Jazz Gillum – Harmonica Pioneer

Jazz Gillum – (William Mc Kinley Gillum aka « Jazz ») Indianola, Mississippi, september 11 1904 – Chicago, Illinois, March 29 1966

For many years Jazz Gillum was the main and only harmonica player in the Chicago blues bands. He took part in modernizing the genre and opened the path for Little Walter and Big Walter Horton who eventually got much more famous than he ever was.

He started to play the harmonium under the wing of his uncle, a pastor. He will then switch to harmonica which is of course easier to carry. In 1918 he works at a local gas station plays in local juke joints and in a few radio shows. In 1923 he moves to Chicago where he plays on the famous Maxwell Street market and many South Side clubs where Jazz Gillum meets Big Bill Broonzy who helps him sign a contract with Bluebird. He records his first tune in 1934 that will be followed by over a 100 more showing how popular he was with the audience of that times. With so many recordings we can of course notice repetition of the form : introduction , 2 verses, harmonica solo, 1 verse and a final harmonica ending.  Some tunes stand out more than others  : Gillum’s windy blues, Sarah Jane, Don’t you scandalize my name, Look on yonder’s wall, The blues what am…

Jazz Gillum is the first to take the harmonica out of the memphis jug band style and try to adapt it in a more modern context. He doesn’t play all the time like many players do nowadays but each time he grabs the harmonica the phrases are clean and precise. He often plays in the same key as his harmonica (known as 1st position) like old timers do but in his most famous tune “Key to the Highway” he plays a 5th above (2nd position) and helped this manner to become a standard in modern harmonica blues playing.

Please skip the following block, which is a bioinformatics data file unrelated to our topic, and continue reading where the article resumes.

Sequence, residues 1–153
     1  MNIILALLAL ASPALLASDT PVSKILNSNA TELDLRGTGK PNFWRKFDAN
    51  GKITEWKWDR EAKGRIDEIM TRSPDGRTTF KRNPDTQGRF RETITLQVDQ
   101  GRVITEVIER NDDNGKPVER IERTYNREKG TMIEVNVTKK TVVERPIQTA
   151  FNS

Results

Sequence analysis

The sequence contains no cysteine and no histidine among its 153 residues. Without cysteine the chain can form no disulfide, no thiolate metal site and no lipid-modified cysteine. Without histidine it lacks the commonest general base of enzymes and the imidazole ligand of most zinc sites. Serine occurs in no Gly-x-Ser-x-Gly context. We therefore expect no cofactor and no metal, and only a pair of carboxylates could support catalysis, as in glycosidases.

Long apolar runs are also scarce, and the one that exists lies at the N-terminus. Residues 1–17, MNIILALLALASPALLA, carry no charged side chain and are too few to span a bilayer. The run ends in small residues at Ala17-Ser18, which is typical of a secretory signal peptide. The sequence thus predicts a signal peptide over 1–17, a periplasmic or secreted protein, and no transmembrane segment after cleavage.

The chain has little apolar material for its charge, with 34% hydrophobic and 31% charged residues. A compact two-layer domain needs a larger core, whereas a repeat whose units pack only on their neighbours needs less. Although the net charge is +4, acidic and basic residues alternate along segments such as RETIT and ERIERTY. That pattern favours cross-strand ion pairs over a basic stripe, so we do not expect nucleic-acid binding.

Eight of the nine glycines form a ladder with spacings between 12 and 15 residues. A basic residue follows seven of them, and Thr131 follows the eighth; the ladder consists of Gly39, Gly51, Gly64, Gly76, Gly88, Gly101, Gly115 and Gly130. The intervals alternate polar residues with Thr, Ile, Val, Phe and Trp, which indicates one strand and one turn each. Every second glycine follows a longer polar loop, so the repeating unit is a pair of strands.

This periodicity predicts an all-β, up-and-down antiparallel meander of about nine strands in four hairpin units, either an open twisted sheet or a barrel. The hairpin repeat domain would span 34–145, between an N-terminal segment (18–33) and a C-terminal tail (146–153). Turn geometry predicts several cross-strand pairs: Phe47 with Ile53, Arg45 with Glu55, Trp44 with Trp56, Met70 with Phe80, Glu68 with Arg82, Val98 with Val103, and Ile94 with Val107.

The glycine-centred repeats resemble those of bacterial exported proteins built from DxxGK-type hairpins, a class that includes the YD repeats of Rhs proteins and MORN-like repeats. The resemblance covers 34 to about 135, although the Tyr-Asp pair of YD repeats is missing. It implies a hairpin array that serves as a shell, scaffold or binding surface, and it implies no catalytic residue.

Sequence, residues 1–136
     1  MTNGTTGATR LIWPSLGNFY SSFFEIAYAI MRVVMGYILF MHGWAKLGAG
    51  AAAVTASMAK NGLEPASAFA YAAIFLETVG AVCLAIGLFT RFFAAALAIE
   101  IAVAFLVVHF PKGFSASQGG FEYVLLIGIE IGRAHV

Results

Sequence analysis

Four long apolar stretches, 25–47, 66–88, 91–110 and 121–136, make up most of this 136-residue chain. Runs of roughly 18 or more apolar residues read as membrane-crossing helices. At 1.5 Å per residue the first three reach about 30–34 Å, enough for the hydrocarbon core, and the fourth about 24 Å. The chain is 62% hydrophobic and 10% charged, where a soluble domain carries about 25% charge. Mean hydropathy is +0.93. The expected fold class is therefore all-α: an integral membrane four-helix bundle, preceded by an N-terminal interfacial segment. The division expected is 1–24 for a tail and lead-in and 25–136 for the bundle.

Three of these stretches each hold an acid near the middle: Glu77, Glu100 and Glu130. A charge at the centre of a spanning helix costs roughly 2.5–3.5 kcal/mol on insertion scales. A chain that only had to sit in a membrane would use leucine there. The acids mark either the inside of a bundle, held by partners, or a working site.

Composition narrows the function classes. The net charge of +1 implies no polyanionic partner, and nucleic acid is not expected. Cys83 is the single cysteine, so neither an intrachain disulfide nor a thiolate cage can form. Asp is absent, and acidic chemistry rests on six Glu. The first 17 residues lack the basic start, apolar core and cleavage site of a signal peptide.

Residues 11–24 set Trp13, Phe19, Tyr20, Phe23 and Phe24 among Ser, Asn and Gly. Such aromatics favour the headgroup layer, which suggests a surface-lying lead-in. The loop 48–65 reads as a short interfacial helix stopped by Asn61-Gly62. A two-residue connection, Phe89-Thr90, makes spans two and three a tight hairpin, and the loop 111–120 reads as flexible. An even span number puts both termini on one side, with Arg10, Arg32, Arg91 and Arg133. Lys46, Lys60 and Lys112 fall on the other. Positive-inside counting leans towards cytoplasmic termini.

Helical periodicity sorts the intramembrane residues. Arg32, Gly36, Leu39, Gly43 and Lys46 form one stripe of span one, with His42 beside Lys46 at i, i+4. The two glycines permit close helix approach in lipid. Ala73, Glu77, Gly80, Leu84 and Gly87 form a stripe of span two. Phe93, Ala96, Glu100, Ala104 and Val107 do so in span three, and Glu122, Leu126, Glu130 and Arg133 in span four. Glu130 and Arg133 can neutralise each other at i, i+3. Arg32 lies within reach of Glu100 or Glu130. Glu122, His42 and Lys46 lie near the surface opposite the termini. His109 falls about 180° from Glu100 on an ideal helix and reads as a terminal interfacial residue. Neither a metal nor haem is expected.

Jazz Gillum in the 1960s

After World War II  newcomers like Little Walter push the old generation out and it becomes hard for Jazz to get any work. He retires from music and makes a short come back in the 1960s playing in a few clubs for students and recording a last album for Folkways Smithsonian. In 1966 he is shot in the head after an argument with a neighbor.
He left us many compositions that became Blues standards.

Here is a great sample of his late playing in the 1960s with Memphis Slim on piano.

this Boogie in G is played on a C harmonica
Get a C harmonica on Harmonicaland
Learn Blues harmonica from Harmonica School
Get this harmonica album by Jazz Gillum here

Leave a Reply

Your email address will not be published. Required fields are marked *